Firing by Pakistani troops forced U.S. military helicopters to turn back to Afghanistan after they crossed into Pakistani territory on Monday, Pakistani security officials said.
The incident took place near Angor Adda, a village in the tribal region of South Waziristan where U.S. commandos raided a suspected Al Qaeda and Taliban camp earlier this month.
“The U.S. choppers came into Pakistan by just 100 to 150 meters at Angor Adda,” said one security official. “Even then our troops did not spare them, opened fire on them, and they turned away.”
Pakistan is a crucial U.S. ally in its war on terrorism, and its support is key to the success of Western forces trying to stabilize Afghanistan. But Washington has become impatient over Islamabad’s response to the threat from fighters for al Qaeda and the Taliban in Pakistan’s tribal regions on the border.
At least 20 people, including women and children, were killed in the South Waziristan raid earlier this month, causing outrage in Pakistan and prompting a diplomatic protest.
The Pakistani Army chief, General Ashfaq Kayani, said last week in a strongly worded statement that Pakistan would not allow foreign troops onto its soil and that Pakistan’s sovereignty and territorial integrity would be defended at all costs.
Another security official said Monday that U.S. vehicles were seen moving on the Afghan side of the border while U.S. warplanes were seen overhead. He said Pakistani soldiers had fired in the air, forcing the helicopters to return to Afghan territory.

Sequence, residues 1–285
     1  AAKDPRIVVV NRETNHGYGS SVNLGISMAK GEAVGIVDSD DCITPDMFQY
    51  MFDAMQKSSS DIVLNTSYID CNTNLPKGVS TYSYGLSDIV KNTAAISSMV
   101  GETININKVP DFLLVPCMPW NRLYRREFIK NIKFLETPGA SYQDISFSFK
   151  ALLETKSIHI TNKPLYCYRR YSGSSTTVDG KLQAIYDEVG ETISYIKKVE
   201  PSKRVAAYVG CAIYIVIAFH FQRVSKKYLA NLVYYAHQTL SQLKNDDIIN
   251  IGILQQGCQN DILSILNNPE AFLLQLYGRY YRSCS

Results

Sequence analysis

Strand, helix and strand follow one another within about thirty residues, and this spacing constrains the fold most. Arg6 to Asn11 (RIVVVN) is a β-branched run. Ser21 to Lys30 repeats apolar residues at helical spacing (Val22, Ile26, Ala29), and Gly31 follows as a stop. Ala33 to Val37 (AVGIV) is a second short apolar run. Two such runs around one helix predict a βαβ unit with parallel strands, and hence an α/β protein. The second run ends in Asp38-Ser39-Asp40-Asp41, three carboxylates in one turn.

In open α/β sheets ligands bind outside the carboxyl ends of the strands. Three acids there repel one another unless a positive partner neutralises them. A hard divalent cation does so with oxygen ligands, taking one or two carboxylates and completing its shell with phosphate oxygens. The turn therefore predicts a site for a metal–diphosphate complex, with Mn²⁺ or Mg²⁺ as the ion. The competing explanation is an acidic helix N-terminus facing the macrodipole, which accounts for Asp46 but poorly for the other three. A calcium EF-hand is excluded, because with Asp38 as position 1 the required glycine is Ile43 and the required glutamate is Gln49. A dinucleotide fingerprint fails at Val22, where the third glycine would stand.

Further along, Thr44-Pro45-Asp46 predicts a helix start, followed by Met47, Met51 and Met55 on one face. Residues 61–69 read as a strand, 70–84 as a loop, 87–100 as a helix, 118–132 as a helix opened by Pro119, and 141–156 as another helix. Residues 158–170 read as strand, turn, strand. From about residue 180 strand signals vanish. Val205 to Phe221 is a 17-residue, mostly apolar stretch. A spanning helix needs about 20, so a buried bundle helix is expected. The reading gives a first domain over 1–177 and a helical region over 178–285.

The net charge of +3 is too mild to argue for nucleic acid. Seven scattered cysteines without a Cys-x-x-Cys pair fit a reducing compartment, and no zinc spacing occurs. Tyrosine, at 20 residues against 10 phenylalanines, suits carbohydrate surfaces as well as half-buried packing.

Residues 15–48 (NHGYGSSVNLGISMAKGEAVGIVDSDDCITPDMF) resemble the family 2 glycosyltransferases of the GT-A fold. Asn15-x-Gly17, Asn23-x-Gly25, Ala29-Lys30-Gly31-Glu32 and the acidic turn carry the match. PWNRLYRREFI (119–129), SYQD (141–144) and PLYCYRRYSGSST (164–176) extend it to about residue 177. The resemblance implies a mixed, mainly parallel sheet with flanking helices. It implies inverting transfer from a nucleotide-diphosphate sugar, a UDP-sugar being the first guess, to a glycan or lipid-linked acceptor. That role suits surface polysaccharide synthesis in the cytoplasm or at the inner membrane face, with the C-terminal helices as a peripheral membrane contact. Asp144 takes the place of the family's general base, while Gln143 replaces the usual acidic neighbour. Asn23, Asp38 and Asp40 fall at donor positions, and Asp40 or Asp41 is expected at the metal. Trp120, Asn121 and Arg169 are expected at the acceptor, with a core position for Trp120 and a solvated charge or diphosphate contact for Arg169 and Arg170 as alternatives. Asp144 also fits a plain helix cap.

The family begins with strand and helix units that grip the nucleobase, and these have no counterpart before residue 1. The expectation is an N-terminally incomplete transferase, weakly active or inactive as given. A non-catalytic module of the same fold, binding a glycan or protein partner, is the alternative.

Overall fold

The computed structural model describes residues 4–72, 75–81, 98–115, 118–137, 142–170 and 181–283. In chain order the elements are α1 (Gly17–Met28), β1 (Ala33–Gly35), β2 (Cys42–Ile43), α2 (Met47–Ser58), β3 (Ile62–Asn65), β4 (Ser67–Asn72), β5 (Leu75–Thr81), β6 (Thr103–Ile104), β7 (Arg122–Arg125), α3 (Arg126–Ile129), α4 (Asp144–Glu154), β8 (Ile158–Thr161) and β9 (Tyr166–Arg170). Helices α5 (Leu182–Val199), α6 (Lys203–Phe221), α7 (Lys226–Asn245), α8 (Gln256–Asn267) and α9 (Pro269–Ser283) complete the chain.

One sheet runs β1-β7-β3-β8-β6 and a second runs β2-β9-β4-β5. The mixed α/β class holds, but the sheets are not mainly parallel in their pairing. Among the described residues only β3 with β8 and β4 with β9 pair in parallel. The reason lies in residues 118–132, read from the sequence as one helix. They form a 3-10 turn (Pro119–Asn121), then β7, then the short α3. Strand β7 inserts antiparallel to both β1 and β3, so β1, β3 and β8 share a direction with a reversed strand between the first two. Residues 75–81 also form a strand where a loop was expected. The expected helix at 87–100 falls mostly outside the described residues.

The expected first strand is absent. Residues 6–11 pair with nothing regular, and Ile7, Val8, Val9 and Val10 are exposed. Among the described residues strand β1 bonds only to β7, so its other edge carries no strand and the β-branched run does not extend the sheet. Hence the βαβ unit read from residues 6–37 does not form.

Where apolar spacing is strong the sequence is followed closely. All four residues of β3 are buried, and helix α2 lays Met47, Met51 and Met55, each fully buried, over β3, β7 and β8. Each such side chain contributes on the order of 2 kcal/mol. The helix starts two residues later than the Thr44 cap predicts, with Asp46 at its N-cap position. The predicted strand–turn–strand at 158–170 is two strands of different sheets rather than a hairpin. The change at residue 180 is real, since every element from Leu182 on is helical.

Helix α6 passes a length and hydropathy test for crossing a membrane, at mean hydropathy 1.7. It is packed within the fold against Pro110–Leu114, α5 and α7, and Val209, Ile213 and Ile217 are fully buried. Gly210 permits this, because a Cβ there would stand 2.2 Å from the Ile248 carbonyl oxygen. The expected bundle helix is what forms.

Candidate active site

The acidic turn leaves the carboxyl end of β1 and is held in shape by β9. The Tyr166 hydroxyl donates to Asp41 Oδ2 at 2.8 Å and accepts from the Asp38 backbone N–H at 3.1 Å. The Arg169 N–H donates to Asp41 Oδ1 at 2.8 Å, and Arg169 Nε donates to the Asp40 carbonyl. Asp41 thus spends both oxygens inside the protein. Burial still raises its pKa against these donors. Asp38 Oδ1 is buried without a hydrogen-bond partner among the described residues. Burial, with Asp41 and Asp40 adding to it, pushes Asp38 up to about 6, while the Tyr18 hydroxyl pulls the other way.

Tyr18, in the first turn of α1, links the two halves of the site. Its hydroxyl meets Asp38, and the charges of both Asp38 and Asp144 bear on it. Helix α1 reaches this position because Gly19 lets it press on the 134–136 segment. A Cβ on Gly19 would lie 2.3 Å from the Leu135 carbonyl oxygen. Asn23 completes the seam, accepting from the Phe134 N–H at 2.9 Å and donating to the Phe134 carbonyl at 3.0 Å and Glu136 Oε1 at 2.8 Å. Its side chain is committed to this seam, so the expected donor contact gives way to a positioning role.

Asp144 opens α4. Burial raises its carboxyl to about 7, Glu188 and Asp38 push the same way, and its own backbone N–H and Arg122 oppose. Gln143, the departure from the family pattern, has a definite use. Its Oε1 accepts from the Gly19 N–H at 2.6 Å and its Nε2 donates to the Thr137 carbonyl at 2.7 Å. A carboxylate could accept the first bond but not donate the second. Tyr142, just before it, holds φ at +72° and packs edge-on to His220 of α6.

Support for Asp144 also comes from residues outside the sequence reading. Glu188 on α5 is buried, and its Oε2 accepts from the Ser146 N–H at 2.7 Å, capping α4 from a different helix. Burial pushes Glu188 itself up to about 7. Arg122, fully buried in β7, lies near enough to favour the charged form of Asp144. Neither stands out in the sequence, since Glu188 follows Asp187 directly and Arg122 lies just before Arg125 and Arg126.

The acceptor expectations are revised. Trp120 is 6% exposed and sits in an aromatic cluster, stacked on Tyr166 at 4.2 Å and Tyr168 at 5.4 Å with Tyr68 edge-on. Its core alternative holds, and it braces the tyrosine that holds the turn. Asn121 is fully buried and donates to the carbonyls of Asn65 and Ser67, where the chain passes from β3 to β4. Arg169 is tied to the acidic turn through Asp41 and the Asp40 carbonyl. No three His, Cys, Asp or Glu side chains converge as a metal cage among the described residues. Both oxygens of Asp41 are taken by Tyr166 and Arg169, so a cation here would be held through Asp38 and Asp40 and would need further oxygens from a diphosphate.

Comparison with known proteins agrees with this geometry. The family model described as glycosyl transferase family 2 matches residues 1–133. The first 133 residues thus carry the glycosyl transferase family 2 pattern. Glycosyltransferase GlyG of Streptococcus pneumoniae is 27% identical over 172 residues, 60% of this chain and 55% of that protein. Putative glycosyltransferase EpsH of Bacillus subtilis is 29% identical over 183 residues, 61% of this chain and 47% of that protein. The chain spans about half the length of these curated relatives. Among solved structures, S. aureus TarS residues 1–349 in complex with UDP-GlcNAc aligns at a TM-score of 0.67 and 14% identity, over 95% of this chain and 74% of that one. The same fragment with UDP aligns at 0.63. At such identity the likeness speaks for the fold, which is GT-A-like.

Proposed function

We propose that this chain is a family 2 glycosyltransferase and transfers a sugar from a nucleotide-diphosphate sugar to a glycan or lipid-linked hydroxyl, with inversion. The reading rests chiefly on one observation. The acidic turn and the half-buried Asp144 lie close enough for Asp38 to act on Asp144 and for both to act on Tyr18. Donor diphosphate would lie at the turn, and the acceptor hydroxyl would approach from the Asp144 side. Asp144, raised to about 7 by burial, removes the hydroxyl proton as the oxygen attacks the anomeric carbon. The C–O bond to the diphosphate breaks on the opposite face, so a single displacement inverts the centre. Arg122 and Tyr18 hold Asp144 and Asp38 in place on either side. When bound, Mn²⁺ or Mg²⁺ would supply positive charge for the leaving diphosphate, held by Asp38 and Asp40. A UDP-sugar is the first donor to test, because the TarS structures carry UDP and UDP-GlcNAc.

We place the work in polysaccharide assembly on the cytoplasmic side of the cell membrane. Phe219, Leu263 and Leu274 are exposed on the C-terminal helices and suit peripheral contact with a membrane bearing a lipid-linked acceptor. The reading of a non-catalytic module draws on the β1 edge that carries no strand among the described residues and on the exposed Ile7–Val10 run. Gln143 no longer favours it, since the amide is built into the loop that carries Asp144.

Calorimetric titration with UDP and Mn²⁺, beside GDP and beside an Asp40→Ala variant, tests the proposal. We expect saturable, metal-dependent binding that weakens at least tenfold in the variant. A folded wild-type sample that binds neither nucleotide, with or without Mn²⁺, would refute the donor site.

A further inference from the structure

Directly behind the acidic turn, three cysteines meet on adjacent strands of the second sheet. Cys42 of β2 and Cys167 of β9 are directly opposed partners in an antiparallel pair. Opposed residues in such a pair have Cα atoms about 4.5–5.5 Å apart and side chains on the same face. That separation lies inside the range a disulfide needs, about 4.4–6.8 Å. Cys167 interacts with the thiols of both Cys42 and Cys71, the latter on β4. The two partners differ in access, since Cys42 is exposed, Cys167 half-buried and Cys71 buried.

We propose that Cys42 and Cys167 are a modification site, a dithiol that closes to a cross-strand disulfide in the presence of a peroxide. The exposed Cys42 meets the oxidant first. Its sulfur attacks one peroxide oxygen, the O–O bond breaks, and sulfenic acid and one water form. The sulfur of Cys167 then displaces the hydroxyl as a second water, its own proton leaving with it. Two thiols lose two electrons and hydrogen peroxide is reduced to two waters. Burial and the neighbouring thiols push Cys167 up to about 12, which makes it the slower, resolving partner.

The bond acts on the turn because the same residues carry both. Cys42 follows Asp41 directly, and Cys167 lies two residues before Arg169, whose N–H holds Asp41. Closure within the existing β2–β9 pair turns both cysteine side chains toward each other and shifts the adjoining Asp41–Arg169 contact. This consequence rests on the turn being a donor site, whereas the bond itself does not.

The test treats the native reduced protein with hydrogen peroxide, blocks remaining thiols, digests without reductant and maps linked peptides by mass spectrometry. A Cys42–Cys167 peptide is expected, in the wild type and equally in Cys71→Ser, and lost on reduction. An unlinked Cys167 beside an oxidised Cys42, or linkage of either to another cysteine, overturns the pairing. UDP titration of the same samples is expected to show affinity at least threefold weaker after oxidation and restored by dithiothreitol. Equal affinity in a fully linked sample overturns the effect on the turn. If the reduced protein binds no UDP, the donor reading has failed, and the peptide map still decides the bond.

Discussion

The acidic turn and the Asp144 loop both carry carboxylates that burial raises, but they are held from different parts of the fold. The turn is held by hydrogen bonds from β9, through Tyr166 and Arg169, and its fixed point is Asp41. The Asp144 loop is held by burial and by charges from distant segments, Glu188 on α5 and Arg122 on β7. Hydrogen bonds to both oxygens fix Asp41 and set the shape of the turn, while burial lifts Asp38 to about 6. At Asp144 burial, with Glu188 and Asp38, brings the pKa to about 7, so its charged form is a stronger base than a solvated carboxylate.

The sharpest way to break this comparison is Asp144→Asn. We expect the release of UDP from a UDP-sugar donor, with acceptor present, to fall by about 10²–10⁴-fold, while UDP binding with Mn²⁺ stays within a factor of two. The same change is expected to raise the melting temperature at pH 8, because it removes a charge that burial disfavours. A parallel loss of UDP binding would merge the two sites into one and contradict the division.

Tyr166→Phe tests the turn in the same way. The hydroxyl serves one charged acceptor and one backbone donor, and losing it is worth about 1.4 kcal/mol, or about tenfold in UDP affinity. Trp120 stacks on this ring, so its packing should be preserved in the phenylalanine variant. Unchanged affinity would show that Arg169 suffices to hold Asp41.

A military spokesman, Major Murad Khan, confirmed that there had been shooting. But he said that the U.S. helicopters had not crossed into Pakistani airspace and that Pakistani troops were not responsible for the firing.
“The U.S. choppers were there at the border, but they did not violate our airspace,” Khan said. “We confirm that there was a firing incident at the time when the helicopters were there, but our forces were not involved.”
Citing U.S. officials, The New York Times, whose global edition is the International Herald Tribune, reported last week that President George W. Bush has cleared U.S. raids across the border, even without Pakistan’s permission.
The raid on Angor Adda on Sept. 3 was the first overt ground incursion by U.S. troops into Pakistan since the U.S. forces were deployed in Afghanistan in late 2001. The United States has intensified attacks by missile-firing drone aircraft on suspected Qaeda and Taliban targets in Pakistani tribal lands in the past few weeks.
An official said Monday that security forces killed 32 people, including three women, in strikes against suspected militant hideouts in northwest Pakistan, The Associated Press reported from Islamabad. The death toll resulted from the latest round of a bloody military offensive that has reportedly killed hundreds in recent weeks in the Bajur tribal region bordering Afghanistan.